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Unfiltered Story #190580

, , | Unfiltered | March 24, 2020

[Note to NAR: I’m sorry if this is a resubmission, my browser is acting up.]

(So, I’ve worked at this convenience store for about… Oh, say a month and a half, roughly. I’ve worked some rough jobs before, for the past eight years, in fact, and this one is no exception. Rough, in the sense that I have to deal with some of the meanest people in town. Don’t get me wrong… Most of my customers are actually really nice people, and some of them are a pleasure to serve and to chat with when there’s down time. But then there’s people like the following man. I hope you enjoy.

I’m at the register. I’m closing, it’s around 9:15ish, give or take about 5 minutes. My co-worker had just left around 9, so I was there alone, hoping it would slow a bit so I could get the rest of my chores finished. No such luck, but all I really had left was to mop the floor. No biggie. This man walks in, tosses (literally) a $100 bill on the counter, points out to the pump he’s at, and walks toward the door before I could fully ask him if he wants me to break the $100 and put only a certain amount in. Much easier for both of us, that way. He turns to look at me, aaaaand…)

Customer: I just want to fill my f*****g tank! (Storms out the door)

(I go to set the pump at $100 and get it ready for him. Now, I work two jobs, so this was the end of job 2 for the day, and I was thinking to myself, ‘It’s okay, it’s just one guy, you’ll be out of here soon enough anyway.’ Well, I slip up, miss a 0, and put it in for $10. Honest mistake. I caught it immediately, and told the guy at the counter (another customer) that I’ll be back in just a sec (about which he was very calm and polite) and run out the door. Note: the guy hadn’t yet put the nozzle in his car, he just had it in his hand.)

Me: (Approaching pump) Sir! Sir, I accidentally set the pump for $10, if you’ll hang it up real quick and give me just a second, I–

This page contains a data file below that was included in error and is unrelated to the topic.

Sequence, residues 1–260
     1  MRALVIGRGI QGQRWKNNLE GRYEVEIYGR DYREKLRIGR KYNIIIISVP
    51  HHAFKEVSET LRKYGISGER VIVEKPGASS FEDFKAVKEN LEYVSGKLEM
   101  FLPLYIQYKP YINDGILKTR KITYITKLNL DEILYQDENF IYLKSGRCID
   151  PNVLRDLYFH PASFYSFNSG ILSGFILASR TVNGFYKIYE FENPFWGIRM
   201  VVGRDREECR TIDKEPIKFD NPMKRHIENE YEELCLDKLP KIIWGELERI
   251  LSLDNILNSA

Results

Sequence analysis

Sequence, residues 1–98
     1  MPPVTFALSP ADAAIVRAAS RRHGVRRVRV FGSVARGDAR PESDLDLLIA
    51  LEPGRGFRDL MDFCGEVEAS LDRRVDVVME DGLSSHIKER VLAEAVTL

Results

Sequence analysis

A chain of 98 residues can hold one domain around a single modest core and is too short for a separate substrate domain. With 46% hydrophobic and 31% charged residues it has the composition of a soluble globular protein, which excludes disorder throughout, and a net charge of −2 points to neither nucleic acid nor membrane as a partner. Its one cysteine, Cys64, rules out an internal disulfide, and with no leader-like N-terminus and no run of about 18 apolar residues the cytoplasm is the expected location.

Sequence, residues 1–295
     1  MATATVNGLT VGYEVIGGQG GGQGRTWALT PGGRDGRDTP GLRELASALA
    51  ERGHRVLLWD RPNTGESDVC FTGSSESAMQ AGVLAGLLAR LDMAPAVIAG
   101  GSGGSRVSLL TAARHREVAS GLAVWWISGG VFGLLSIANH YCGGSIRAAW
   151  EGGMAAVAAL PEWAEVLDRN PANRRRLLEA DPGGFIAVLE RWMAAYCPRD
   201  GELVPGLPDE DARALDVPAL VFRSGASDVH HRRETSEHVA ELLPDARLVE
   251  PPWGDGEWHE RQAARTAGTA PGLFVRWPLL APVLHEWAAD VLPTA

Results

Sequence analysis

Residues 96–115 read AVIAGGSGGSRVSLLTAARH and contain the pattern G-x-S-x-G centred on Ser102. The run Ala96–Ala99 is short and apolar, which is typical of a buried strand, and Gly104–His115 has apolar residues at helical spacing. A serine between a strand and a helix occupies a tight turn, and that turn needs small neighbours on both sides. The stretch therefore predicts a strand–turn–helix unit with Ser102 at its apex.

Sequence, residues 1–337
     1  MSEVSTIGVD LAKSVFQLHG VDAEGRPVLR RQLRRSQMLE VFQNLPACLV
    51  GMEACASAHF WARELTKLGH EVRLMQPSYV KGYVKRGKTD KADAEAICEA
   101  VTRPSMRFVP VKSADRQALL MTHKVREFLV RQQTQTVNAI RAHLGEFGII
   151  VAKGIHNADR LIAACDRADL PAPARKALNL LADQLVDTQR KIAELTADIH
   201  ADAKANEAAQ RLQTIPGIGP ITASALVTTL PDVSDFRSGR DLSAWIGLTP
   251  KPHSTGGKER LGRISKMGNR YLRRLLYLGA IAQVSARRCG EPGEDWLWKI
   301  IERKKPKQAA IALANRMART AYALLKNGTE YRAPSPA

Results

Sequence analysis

Customer: (Pointing back toward the building) JUST START THE F*****G PUMP!!!

(Bewildered by such an unnecessary response to me trying to HELP the man, especially since it would’ve made it so much easier to just stop the pump for a second and redo it for $100, I turn back to the building, wait for him to finish, and take care of two more people. As soon as he was done pumping, rather than hanging up the nozzle and letting me do the next $90 transaction, he immediately reaches into his car and blares the horn. I try to stop the pump and finish it properly, but because the nozzle’s still sticking out of his tank, I can’t do it. The pump is still technically ‘in use’ at this point. As I’m scrambling to get it right, he storms into the building.)


Me: I’m trying, sir. It’s not working for me, you’ll have to give me a second.


Me: I understand, sir. I don’t know about the other day, but I’m trying to get it right now. This is a new system, so I’m trying to–


(At this point, I’m shaking, thinking he’s about to come around the counter. I think to call my manager, and since I’m wearing my earbuds around my neck, I plug my phone in and start the call. I even tell the guy I’m gonna call my manager to find out what to do.)

Manager: Hey, what’s up?

Me: There’s a man here who gave me a $100, and I accidentally missed a 0 when ringing him up. I charged him for $10, and now I can’t finish the other $90. I don’t know why, and I don’t know if it’s just the new system, or–

(At this point, I begin to suspect what my manager is about to say, because this sort of thing has happened before, albeit with a much more polite customer.)

Manager: Is the nozzle still in his car, or did he hang it up?

Customer: (During the whole conversation, under his breath) I can’t f*****g believe how stupid people have to be these days. It’s a simple f*****g thing, I give you the money, you get the pump ready, I get my gas, and I f*****g leave.

Me: (Trying to defuse the man) Sir, if you hang up the nozzle, I’ll be able to complete the transaction. It won’t let me continue because it’s still technically ‘in use’.

(Without another word, the guy stomps out the door again, grumbling something else I couldn’t even hear. He gets to his pump, and I watch as he yanks the nozzle out of his car, splashing it with a little bit of gas. He then turns around and slams the nozzle into its holster. I quickly do the transaction for the remaining $90, and he stares me down until I turn toward the window. He didn’t hesitate to put the nozzle back into his car, angrily of course, and continue pumping– until he spilled even more gas on his car and on the ground. Once that started, he stopped in a hurry, put the nozzle back, closed his tank, etc. And I’m dealing with more customers in the meantime. He comes back in (stinking of gas) and when he gets up to the counter, he says nothing. I say nothing. I stop the pump and give him the remainder of his change: $76.17. He only needed $23.83 of gas.)

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